Review of Ice in Sunlight by Julia Leijon

Ice in Sunlight

 

One of the things I love about about our on line community of bloggers, writers and readers is that occasionally there are perks.  Being offered a new book in exchange for an honest review is one of those perks and I was very glad to be offered this story by Julia Leijon.  Thank you, Julia.

The Blurb

“I think I’m supposed to be dead.”

Corwen’s emotions are a frozen wasteland after years of enslavement and abuse. When he’s finally rescued, freedom isn’t enough to thaw the wintry landscape of his heart.

Slowly, his new compatriots teach him that physical intimacy is a sacred gift, that pleasure can be shared without pain. With endless patience, they offer him a different way of being.

In order to be whole, Corwen must surrender the self-loathing he wears like armor. Can he learn to see himself the way his new companions do? Or will he hide from love forever in the icy vault that shields his deepest soul?

Ice in Sunlight is a full-length M/M fantasy tale. It is intended for mature readers only due to adult themes and content.

And here is an excerpt:

They left in late morning, when the haze started to lift. The first hour was easy, because the land surrounding the castle had been flattened and cleared decades ago so any approaching visitors or invaders would be visible long before they arrived. Theoretically, at least. The landscaping hadn’t done much to save its king, when put to the test.

The second hour, when they reached the forest, was more difficult. By the third hour, Corwen had to admit the obvious to himself: he was markedly less fit than the other three. The thought of falling short of them in yet another way hurt more than sore calves and aching sides ever could, though, so Corwen suffered in silence.

Aside from the discomfort of the walking itself, Corwen was enjoying the journey more than he’d expected to. It had been terrain just like this that he’d spent his earliest years in, and it was amazing how quickly the surroundings became familiar. He recognised smells, different tree saps and leaf mulch and plants. The bird songs and soft animal sounds were ones he knew, even though he’d forgotten for so long that he knew them.

He picked a careful path up the next hill, careful to avoid the places he knew would be weak underfoot. He’d learned that skill the hard way, as a boy.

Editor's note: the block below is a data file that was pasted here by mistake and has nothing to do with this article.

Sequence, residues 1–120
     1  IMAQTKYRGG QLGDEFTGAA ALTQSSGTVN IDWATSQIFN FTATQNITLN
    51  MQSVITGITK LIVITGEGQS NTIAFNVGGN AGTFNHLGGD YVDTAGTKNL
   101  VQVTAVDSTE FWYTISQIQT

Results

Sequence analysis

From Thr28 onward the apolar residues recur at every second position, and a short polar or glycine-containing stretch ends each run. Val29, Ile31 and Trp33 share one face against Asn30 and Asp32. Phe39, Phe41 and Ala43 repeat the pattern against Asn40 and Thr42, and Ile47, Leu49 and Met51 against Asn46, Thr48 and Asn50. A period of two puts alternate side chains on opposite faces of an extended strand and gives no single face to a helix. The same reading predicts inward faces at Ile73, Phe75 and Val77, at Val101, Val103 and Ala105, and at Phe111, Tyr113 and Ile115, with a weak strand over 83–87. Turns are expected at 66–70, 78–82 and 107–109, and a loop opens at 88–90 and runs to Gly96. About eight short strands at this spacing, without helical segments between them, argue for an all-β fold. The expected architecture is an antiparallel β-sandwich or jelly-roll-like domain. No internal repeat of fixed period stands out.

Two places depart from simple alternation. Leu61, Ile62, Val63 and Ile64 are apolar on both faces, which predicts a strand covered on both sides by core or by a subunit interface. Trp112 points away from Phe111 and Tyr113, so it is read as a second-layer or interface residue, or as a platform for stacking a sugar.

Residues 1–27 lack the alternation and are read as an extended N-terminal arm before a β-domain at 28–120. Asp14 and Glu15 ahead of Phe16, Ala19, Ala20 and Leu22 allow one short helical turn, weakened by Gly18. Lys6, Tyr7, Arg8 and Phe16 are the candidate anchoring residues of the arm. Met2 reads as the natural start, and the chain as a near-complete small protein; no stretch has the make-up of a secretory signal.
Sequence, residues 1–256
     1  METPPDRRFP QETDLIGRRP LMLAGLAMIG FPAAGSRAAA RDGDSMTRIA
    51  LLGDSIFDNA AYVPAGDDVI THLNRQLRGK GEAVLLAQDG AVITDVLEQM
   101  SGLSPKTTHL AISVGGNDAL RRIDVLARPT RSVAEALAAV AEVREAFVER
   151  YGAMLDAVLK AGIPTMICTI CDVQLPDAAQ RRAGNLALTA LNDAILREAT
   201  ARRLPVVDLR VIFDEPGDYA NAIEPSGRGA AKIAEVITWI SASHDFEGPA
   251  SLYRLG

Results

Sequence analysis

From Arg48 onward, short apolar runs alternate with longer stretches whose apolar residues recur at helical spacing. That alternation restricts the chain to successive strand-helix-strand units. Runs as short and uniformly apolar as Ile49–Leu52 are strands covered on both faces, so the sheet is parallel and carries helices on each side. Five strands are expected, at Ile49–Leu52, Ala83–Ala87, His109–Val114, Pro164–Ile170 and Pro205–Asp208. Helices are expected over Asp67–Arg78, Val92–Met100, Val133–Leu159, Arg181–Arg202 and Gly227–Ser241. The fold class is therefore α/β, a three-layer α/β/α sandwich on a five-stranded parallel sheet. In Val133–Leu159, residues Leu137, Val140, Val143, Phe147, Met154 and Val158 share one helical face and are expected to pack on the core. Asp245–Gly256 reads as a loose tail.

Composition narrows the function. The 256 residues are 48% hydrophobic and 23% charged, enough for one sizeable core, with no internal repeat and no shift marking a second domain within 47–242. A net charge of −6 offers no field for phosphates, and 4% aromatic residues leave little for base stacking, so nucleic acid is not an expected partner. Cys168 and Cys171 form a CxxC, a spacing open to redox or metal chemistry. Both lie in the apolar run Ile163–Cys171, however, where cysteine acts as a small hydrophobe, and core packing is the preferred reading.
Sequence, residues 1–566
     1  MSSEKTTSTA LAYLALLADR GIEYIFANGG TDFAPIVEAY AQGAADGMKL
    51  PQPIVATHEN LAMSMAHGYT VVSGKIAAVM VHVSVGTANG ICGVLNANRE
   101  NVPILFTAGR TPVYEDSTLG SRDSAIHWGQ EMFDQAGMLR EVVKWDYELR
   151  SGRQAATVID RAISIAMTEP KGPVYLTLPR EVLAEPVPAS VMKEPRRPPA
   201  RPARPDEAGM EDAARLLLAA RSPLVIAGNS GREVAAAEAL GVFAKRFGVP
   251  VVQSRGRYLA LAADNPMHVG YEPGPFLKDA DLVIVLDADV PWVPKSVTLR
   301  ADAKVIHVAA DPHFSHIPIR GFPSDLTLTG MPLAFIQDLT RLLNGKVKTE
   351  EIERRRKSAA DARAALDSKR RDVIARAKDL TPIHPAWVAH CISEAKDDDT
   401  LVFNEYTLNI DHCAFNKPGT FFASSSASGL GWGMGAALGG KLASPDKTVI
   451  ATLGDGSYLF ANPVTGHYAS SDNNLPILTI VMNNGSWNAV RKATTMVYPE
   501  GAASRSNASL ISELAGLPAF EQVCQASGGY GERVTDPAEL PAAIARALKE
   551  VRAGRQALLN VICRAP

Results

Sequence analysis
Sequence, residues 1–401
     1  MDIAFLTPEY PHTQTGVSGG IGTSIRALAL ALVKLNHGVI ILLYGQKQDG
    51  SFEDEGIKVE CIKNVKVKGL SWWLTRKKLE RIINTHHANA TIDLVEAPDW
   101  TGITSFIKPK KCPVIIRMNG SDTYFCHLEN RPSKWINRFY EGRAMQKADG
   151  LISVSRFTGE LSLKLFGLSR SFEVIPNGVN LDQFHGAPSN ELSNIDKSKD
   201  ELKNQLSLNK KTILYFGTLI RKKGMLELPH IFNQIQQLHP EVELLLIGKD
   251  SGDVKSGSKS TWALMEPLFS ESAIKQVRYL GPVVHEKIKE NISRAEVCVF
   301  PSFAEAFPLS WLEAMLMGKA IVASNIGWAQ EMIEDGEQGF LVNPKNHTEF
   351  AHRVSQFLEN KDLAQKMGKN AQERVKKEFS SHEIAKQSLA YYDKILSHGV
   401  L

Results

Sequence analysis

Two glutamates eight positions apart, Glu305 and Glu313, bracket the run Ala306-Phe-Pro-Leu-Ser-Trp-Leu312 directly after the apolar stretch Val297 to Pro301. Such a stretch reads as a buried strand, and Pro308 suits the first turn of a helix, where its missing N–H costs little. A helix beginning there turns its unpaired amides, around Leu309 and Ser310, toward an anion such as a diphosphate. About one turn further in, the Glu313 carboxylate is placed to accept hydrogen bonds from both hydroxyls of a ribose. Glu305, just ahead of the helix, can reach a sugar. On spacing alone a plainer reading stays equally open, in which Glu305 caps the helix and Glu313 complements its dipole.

When there was a river uphill and lots of the thick-trunked, stumpy trees with the dense, knotty root patterns, it meant the water flowed down through the root structures, creating an invisible layer of slippery mud beneath the ordinary-looking ground level.

It was one of the forest’s most treacherous tricks, and Corwen could still remember the nasty fall he’d had as a child. He’d knocked out both of his front baby teeth, and scraped his chin badly on some rocks.

That experience had been more than enough to make the lesson stick, to the point where he remembered it now, even after a full decade away from the forest.

He was almost at the top of the hill when he heard a crash and a string of curses behind him. It was Mariam, one of her feet submerged in one of the concealed mudholes up to the shin of her boot.

Reza was the closest and moved to her side immediately, helping her ease her leg out of the hole. Her face had gone ashy, and Reza’s expression was of deep concern.

Still bitter and angry over being rejected, Corwen couldn’t help but feel glad at Reza’s worried look. He forced himself not to smile.

It had never even occurred to him to share the information about the secret mud spots on the hill. What you knew and someone else didn’t was an advantage. Giving such things away for nothing never made any sense, no matter what the circumstances. Corwen knew that with such absolute certainty he hadn’t had to consider it consciously at all.

“Don’t take the boot off,” Reza said. Amir had joined them and been about to start unlacing the mud-covered shoe. “Her ankle will swell up so much it’ll be impossible to put it back on afterwards.”